“You can’t let someone out of jail, give them $5 and say, ‘Good luck,’” she said. “The better plan is to do things like this so they can go out and get permanent housing, find work and not commit the crimes that got them in trouble in the first place.”

[SNIP]

Fletcher said it has become increasingly difficult to help people on probation in San Francisco find any sort of housing because of the city’s sky-high rents. Last month, San Francisco landlords with available apartments were asking a record average rent of $3,458 a month.

The Drake Hotel will specifically serve people on probation who are homeless and are addicted to drugs or alcohol. The facility will be considered a clean and sober building, but tenants won’t be evicted for having relapses, Fletcher said.

Posted in Jim McDonnell, LA County Board of Supervisors, LASD, law enforcement, Mental Illness, Reentry, Rehabilitation, Sentencing | 22 Comments »

Updates & Early Legal Challenges in the Tanaka/Carey Indictment Drama….A Call for “Smart Justice” for LA County….a New Brand of Advice for Next Generation Cops…the Death of Officer Kerrie Orozco

May 26th, 2015 by Celeste Fremon

FIRST STEPS TOWARD TRIAL FOR TANAKA AND CAREY

On Friday, May 29, the first “status hearing” is scheduled in the obstruction of justice trial of Paul Tanaka, the former undersheriff of the LA County Sheriff’s department, and Tom Carey, the former head of the department’s internal criminal investigative bureau (ICIB).

Judge Percy Anderson will be presiding. Originally the trial was assigned to Judge S.James Otero but, as many involved had predicted, Anderson managed to snatch the high profile case from Otero and move it into his courtroom. Percy Anderson, for those who don’t remember, was the judge on both of James Sexton’s trials and that of the other six former LASD members convicted of obstruction of justice.

Tanaka’s legal team was not thrilled with the judicial switch, likely because some on the defense teams from the last trials thought Anderson had pro prosecution leanings. As a consequence, the Tanaka team filed a motion “to Return Case to Randomly Assigned District Judge Based Upon Improper Transfer.”

Anderson, however, denied the motion with vigor mere hours after it was filed.The issues raised in Tanaka’s Motion are so devoid of merit that no further briefing is required,” he wrote.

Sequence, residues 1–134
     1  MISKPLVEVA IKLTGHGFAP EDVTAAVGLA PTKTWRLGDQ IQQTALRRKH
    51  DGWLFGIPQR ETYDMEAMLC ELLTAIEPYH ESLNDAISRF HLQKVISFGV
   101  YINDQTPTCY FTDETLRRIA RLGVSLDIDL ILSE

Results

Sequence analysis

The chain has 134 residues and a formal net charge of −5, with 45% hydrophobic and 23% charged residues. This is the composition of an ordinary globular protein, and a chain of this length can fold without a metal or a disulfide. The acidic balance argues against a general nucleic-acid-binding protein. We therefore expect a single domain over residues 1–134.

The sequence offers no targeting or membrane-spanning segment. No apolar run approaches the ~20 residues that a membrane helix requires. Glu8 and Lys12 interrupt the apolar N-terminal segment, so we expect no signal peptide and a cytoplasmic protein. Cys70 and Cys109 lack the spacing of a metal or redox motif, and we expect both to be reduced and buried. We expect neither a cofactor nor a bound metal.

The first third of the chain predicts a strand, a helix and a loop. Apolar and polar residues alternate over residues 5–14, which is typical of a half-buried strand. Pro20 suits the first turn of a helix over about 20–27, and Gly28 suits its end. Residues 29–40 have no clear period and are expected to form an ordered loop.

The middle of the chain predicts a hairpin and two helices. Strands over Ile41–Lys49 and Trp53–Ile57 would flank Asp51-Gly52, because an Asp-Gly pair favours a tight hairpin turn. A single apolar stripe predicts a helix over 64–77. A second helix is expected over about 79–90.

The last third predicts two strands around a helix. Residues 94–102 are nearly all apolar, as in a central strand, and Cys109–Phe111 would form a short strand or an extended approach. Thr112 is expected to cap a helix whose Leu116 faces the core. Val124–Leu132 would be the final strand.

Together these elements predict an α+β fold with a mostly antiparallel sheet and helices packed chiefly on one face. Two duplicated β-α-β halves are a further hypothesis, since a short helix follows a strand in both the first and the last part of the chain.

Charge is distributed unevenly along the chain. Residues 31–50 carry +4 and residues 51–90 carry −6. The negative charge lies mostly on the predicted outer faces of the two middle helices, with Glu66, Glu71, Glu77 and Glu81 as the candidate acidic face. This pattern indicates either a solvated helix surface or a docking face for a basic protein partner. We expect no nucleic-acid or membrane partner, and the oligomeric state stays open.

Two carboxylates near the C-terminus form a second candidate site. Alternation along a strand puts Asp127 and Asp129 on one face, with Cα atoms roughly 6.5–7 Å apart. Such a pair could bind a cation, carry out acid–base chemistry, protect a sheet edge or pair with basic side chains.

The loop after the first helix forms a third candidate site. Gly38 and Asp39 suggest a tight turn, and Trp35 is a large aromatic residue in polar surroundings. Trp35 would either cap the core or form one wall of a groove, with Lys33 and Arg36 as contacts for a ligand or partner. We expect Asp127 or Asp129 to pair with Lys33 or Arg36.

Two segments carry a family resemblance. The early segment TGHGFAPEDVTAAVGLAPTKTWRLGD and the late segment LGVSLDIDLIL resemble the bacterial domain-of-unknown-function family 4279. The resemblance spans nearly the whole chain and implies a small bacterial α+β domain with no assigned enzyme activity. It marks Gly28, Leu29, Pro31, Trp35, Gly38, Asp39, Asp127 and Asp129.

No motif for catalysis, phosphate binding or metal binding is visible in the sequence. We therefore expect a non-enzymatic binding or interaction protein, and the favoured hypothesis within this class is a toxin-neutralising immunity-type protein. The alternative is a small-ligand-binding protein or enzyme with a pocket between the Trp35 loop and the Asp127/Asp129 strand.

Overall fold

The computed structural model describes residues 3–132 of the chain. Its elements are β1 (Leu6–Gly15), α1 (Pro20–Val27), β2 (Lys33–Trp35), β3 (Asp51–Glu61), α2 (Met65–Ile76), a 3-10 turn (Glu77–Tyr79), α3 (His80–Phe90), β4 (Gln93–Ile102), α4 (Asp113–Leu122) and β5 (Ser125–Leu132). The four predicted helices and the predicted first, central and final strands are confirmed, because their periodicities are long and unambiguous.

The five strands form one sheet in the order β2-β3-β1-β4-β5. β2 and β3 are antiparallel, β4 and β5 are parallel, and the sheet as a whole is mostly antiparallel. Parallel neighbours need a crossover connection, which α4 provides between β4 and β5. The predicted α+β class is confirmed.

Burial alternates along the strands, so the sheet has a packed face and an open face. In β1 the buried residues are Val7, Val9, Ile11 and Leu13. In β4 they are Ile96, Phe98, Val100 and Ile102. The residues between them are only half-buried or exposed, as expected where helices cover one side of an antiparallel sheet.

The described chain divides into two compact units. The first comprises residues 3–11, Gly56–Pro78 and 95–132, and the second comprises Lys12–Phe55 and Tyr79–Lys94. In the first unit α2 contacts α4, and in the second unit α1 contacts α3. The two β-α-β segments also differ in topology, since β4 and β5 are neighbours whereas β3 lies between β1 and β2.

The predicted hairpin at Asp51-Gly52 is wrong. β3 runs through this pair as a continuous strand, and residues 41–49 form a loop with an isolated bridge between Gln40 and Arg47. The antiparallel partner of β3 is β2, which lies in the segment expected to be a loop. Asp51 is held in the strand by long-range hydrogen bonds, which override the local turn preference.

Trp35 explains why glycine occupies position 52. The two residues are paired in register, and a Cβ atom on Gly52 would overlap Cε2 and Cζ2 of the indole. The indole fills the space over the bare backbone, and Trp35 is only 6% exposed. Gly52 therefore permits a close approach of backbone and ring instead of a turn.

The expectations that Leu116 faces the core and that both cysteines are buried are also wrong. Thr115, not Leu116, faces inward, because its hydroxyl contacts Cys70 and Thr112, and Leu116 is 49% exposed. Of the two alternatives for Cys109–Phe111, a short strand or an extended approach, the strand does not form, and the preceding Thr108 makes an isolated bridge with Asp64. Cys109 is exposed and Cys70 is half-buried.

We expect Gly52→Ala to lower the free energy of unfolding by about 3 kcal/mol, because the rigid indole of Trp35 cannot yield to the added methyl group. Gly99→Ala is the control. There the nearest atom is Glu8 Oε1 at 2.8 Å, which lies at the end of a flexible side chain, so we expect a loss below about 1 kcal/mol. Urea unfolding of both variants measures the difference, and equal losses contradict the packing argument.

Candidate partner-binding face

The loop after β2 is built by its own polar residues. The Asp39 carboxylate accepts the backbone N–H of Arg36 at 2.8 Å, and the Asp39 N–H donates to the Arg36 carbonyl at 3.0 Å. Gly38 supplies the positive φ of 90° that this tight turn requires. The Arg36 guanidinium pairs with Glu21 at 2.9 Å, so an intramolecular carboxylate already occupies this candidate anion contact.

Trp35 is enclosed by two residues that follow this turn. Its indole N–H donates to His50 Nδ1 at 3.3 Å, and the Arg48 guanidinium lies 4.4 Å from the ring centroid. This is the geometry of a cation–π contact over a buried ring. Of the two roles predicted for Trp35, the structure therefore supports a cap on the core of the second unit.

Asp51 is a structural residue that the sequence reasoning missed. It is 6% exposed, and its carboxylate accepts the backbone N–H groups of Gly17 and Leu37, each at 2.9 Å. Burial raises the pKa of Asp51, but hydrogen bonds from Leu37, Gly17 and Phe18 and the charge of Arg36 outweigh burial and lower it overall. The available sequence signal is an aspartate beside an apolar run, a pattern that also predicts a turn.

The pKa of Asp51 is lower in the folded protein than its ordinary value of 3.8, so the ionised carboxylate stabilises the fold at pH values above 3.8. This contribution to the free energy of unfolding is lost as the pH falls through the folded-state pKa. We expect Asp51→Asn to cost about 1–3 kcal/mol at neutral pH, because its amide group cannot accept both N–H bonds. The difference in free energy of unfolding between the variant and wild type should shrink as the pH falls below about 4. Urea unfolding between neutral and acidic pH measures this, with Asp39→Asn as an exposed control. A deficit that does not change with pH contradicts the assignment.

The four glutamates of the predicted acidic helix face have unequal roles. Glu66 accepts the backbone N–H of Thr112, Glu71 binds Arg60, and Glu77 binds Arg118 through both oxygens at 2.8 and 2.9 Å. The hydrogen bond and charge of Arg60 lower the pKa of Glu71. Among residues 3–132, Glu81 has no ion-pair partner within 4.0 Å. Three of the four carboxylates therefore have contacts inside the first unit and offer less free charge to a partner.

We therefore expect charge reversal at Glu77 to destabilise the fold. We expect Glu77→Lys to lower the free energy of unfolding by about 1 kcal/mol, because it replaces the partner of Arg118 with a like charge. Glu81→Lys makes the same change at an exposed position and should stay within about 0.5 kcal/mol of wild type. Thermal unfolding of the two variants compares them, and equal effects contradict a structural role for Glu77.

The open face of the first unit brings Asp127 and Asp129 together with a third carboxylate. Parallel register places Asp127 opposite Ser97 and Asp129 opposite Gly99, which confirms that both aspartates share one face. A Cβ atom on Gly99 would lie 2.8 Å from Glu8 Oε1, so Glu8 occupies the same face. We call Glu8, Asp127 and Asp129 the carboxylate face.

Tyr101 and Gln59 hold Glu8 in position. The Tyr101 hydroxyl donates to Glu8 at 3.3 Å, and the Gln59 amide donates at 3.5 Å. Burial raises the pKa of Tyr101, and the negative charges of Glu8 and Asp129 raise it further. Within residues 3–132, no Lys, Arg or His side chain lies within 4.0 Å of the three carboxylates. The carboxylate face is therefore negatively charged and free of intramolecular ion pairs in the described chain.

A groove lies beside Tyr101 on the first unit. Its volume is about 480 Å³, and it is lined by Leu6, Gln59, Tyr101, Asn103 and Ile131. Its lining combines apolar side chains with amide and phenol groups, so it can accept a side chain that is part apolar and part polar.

And that was that.

(Anderson is not a mincer of words.)

One of the other issues that was to have been heard on Friday was a request for a “judicial inquiry” regarding possible conflicts of interest due to the fact that Carey was being represented by Thomas O’Brian and other members of the Paul Hastings law firm.

it’s easy to see why Carey chose O’Brien. He held the post of U.S. Attorney just before Andre Birotte, which means he knows the workings of that office inside and out. (Andre Birotte is the U.S. Attorney who presided over most of the investigations and charges that are now playing out. Birotte has since gone on to a federal judgeship, and was replaced by Acting U.S. Attorney Stephanie Yonekura, the woman who unveiled Tanaka and Carey’s charges.) The potential conflict that the government has flagged is the fact that O’Brien represented LASD deputy James Sexton, one of the seven who was previously convicted of charges similar to those recently slapped on Tanaka and Carey. Moreover the attorney is still representing Sexton for his appeal to the 9th Circuit. The prosecution also noted, in their lengthy request, that some of Carey’s perjury charges had to do with questions he was asked by O’Brien when Carey was the witness stand for the defense during one or both of Sexton’s two trials.

The prosecutors made a strong argument in their request for an inquiry, with plenty of case law cited. Not too long after the prosecution filed its request, O’Brien and company withdrew as counsel for Carey.

A trial date is expected to be set at the hearing on Friday.